O may my hearts truth still be sung…
It’s a line from ‘Poem in October’ by Dylan Thomas.
Written on his 30th birthday in Laugharne, the fishing village where he lived the last years of his life.
Dylan Thomas was the first writer and poet I studied in English Literature; his play, Under Milk Wood, the very first text.
I wonder what he would have made of this digital world when his gut-poetry came from the earth he walked, the air he breathed, the golden light that spun the path ahead, the sea mist that spritzed his face.
So I visited (thanks Marty) in a different season, in May’s sun and mizzle. And walked New Walk. And hung under the wood and peered through the window of his writing shed, perched like a nest over the Tay. And became the tourist in the boathouse that was his home. Where tea and scones are sold though no copies of Under Milk Wood, sorry, you need to go to the big town for that – “At the moment”.
You can walk the coastal cliff walk where the poem was written, signposted “Dylan Thomas’ Birthday Walk”, on through Salt House Farm. Benches sing out his lines overlooking riverbed and sea.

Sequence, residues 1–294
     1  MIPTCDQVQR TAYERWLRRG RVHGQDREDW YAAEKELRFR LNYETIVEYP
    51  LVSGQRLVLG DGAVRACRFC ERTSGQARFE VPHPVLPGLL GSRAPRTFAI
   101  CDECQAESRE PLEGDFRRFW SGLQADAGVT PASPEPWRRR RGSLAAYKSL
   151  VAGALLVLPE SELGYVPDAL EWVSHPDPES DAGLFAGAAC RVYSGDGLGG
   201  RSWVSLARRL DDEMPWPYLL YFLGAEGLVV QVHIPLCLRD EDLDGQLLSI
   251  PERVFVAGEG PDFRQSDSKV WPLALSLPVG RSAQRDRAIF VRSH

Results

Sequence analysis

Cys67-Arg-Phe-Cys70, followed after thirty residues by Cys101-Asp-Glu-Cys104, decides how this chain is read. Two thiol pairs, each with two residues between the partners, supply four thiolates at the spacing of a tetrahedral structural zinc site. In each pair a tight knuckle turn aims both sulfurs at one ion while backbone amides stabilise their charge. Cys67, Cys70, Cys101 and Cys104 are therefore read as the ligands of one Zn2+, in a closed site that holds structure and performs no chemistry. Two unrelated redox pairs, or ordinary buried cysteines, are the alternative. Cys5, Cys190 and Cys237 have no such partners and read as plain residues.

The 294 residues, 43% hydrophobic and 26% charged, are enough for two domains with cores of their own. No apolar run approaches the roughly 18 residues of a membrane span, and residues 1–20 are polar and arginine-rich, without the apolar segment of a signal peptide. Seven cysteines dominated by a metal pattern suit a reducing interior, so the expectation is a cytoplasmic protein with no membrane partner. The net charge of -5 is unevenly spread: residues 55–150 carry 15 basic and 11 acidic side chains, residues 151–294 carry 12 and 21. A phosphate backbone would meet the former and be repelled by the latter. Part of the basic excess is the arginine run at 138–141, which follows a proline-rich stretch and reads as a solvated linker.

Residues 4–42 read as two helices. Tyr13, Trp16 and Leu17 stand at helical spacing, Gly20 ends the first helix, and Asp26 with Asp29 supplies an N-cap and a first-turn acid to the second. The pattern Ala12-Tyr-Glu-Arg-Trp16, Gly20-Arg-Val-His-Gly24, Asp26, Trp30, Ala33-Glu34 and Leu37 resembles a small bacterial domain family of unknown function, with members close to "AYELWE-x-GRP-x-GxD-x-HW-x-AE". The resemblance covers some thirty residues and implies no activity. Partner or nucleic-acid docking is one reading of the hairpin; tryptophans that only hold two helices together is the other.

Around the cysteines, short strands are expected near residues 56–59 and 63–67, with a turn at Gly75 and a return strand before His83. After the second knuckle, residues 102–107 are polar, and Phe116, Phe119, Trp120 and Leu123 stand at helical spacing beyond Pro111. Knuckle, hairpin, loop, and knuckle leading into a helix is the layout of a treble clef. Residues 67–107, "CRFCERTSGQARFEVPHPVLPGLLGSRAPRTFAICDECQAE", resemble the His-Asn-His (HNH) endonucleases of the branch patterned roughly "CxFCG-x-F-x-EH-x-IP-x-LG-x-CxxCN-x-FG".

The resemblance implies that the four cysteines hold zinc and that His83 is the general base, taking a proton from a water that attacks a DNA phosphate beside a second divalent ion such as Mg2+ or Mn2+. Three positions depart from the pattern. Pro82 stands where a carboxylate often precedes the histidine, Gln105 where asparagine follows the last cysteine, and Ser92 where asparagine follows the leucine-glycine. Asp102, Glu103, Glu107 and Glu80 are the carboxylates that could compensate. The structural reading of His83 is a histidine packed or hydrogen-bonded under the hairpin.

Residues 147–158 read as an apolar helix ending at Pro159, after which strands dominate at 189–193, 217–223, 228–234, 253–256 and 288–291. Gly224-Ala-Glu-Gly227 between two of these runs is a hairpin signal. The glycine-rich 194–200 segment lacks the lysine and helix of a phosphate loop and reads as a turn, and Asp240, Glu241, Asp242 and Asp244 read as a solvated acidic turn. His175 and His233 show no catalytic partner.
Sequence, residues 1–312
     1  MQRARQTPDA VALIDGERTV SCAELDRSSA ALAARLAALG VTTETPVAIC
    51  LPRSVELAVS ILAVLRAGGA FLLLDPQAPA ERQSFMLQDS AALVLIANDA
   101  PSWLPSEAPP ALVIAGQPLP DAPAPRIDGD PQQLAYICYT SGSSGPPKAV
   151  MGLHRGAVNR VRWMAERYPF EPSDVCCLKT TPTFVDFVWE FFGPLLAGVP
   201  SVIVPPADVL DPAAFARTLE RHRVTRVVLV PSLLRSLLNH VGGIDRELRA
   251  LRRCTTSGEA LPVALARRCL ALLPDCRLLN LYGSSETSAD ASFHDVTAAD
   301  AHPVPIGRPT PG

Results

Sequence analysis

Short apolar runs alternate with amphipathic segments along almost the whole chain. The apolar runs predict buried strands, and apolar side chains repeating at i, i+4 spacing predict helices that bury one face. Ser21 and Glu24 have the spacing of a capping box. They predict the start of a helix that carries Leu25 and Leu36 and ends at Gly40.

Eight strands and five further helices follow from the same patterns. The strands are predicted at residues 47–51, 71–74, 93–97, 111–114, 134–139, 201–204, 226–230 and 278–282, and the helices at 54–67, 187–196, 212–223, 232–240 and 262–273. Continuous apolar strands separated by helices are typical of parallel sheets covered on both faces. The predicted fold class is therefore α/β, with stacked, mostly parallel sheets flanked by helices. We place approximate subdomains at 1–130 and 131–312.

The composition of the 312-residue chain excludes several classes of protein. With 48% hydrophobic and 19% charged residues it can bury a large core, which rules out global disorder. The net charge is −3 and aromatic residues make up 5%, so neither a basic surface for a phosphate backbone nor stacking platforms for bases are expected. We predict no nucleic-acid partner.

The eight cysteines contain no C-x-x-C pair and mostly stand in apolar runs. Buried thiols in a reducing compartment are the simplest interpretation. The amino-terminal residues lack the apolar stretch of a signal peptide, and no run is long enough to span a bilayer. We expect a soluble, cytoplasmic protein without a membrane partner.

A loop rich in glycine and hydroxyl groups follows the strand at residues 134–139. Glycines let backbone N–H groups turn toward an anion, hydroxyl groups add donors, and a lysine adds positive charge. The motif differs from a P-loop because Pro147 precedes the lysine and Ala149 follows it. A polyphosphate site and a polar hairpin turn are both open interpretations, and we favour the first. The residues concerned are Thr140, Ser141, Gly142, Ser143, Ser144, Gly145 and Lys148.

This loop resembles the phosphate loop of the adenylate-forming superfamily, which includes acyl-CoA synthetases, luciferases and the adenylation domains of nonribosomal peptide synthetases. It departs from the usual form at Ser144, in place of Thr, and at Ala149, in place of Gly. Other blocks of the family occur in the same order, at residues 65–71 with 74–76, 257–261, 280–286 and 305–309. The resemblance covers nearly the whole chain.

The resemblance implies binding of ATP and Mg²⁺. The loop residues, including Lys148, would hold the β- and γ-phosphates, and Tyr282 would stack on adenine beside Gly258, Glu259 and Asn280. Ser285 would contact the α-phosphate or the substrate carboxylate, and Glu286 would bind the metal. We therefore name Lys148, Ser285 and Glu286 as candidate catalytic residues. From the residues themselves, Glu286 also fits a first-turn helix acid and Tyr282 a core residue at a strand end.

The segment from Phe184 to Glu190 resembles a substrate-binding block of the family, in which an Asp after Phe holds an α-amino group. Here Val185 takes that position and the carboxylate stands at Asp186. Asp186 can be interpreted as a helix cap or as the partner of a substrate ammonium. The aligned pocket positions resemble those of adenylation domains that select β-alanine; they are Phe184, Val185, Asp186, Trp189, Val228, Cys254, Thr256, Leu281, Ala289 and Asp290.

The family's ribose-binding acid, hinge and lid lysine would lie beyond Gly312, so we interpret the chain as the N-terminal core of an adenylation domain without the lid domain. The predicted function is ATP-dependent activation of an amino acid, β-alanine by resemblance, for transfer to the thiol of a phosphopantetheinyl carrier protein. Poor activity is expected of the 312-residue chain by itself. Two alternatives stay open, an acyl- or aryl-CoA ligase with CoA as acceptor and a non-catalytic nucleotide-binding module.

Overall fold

I thought about Mrs Ogmore Pritchard, polishing her potatoes, as I sat in the bay window of Browns Hotel watching the good townsfolk and tourists of Laugharne pass by. Where I tasted Welsh Laverbread for the first time. Seaweed pulp. It comes in a tin. Tasted like oysters and olives. Actually I liked it. And then I wrote this poem.
O may my hearts truth still be sung
Watching from breakfast’s window seat
Out there where the weather has turned around.
Just yesterday on the coast track
Sun as yellow as these cushions.
Plumped up chests, arched in warmth, rested on benches,
Gazed out like the view over river, wood and sea,
Tuned to the breeze thick with ocean and meadow dust.
Tea cups rattle at your boathouse now
Scones on the make.
No one seems to care where the tide is
In or out.
One boat stranded on the sands
Waits, leaning like a good drunk
Craving to be righted by the moon.
Today is misty on your birthday walk
Under ageing ash and farmed views of the brown owl castle.
On the Salt House Farm track
Elderflowers and foxgloves pimped like the Sun King,
High mauve and dotty cream,
Heave their invisible scents along this path
Where you the poet walked at 30.
Maybe at 40 and 50 too?
Not so sunny now on the hill’s shoulder.
Past my bay window seat at Browns Hotel
Heads are bowed down under umbrellas.
The garbage truck has been and gone in steam from the chemist’s chimney.
“Morning, you okay then?”
Yes, fine thanks. Laverbread and eggs please.
©️Hilary Burden 2019